Intel announced a collaborative research initiative to encourage experimentation with its Loihi neuromorphic test chip.
This week, the company hosted the Neuro Inspired Computational Elements (NICE) workshop in Oregon with the goal of bringing together researchers from different scientific disciplines to discuss and explore the development of next-generation computing architectures, including neuromorphic computing.
Intel's self-learning neuromorphic chip - codenamed Loihi - mimics how the brain functions by learning to operate based on various modes of feedback from the environment. This extremely energy-efficient chip, which uses the data to learn and make inferences, gets smarter over time and does not need to be trained in the traditional way. It takes a novel approach to computing via asynchronous spiking.
'Loihi' is a 60-mm2 chip fabricated in Intel's 14-nm process that advances the modeling of spiking neural networks in silicon. It integrates a wide range of features for the field, such as hierarchical connectivity, dendritic compartments, synaptic delays, and, most importantly, programmable synaptic learning rules. Running a spiking convolutional form of the Locally Competitive Algorithm, Loihi can solve LASSO optimization problems with over three orders of magnitude superior energy-delay-product compared to conventional solvers running on a CPU iso-process/voltage/area.
Fabrication and packaging of the Loihi test chip was completed in early November, and Intel has began power-on and validation. The company claims it has found 100 percent functionality, a wide operating margin and few bugs overall. Small-scale demonstrations on Intel's emulator worked as expected on the real silicon, though, of course, running orders of magnitude faster. Intel's equivalent of a "Hello World" application is recognizing a 3-D object from multiple viewing angles, structured after the COIL-20 example from Columbia University.
As measured at Intel's lab, this particular application uses less than 1 percent of Loihi, learns the training set in seconds and consumes tens of milliwatts.
Intel has delivered the first developer systems to select research collaborators who are working on a variety of applications including sensing, motor control, information processing and more. Software development tools remain one of Intel's focus areas, and the company is looking forward to running much larger scale applications in conjunction with research collaborators.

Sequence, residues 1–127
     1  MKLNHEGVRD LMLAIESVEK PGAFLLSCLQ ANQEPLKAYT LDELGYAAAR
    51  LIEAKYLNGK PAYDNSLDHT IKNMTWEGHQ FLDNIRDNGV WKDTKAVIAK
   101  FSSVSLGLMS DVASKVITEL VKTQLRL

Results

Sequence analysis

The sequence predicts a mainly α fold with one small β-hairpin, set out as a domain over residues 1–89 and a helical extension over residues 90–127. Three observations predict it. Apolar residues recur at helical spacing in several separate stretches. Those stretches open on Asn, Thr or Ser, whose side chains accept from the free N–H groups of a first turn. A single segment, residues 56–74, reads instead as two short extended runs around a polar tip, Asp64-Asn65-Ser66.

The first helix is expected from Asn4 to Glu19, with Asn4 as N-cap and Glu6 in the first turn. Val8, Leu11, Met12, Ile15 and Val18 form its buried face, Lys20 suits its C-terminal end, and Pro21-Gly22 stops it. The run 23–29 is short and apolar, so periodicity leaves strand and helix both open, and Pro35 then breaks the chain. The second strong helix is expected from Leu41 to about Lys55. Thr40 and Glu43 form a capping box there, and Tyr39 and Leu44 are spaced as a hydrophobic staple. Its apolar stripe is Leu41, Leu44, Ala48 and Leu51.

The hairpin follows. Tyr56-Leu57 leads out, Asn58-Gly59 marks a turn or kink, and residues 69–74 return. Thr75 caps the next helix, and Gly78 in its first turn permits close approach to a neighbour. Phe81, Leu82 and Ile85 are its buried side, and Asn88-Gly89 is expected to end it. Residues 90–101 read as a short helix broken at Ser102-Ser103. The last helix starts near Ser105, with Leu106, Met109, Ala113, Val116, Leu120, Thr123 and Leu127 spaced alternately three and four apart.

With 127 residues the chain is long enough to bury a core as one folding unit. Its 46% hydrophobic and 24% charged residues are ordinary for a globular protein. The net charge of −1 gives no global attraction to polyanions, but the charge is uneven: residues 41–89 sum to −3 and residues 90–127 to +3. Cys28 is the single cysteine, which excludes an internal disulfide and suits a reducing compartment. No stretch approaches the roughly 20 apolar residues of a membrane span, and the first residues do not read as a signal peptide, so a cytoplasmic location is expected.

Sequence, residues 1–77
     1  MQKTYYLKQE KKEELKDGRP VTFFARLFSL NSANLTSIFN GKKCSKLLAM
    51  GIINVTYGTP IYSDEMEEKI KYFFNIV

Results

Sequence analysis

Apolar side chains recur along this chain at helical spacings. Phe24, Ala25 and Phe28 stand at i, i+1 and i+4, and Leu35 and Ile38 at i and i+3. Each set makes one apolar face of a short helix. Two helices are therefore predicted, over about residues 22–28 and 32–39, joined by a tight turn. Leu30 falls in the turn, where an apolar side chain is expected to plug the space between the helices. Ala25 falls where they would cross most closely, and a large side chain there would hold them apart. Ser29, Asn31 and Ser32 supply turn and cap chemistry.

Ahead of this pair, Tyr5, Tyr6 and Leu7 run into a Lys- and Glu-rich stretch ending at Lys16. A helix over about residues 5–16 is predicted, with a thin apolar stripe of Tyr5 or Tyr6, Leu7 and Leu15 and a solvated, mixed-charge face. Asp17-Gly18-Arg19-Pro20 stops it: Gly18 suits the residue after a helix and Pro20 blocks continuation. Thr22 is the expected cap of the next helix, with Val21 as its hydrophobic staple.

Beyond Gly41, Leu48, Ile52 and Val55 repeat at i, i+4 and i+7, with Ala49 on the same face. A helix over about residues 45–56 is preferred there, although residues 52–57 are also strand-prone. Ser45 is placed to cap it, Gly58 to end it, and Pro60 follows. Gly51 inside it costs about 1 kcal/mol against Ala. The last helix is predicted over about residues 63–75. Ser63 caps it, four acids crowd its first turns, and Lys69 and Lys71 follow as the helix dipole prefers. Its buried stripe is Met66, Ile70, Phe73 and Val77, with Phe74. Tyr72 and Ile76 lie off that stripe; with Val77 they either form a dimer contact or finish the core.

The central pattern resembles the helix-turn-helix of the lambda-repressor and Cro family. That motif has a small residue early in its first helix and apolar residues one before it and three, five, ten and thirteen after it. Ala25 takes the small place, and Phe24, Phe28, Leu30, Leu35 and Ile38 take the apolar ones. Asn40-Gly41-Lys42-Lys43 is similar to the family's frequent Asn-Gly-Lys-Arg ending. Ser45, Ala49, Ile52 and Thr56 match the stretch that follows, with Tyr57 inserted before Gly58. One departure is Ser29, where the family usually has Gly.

The next step for Intel is today's announcement of the formation of the Intel Neuromorphic Research Community (INRC) - an effort to create a network of collaborators spanning academic, government and industry research groups. Intel invited workshop attendees to submit proposals under the following research vectors:
- Neuromorphic Theory: Abstracting neuroscience understanding and relating it to practical computational models.
- Spiking Neural Network Algorithms: Principled development of neural network dynamics, features and learning rules.
- Neuromorphic Applications: Systems and software that use Loihi and future Intel neuromorphic architectures to solve real-world problems.
- Programming Models: New paradigms for conceptualizing and specifying the structure and emergent behavior of neuromorphic systems.
- Event-Driven Sensing and Control Technologies: Novel and efficient approaches for interfacing spike-based computing systems with real-world data and systems.
Qualifying proposals may receive grants for their work as well as access to a software development kit and a Loihi test system. Due to the high demand for Loihi development systems, Intel is working to enable cloud access to a scalable, multiuser Loihi-based system, dubbed Neuromorphic Research as a Service (NRaaS).
Community Members will agree to share results with the goal of advancing neuromorphic computing and uncovering potential use cases for this nascent but promising field of computer science research. Intel will begin accepting initial proposals April 2.
"With the collaboration of leading research institutes around the world, this chip can progress from a prototype to an industry-leading product over the coming years. Indeed, the future is bright," commented Dr. Michael C. Mayberry, chief technology officer for Intel Corporation.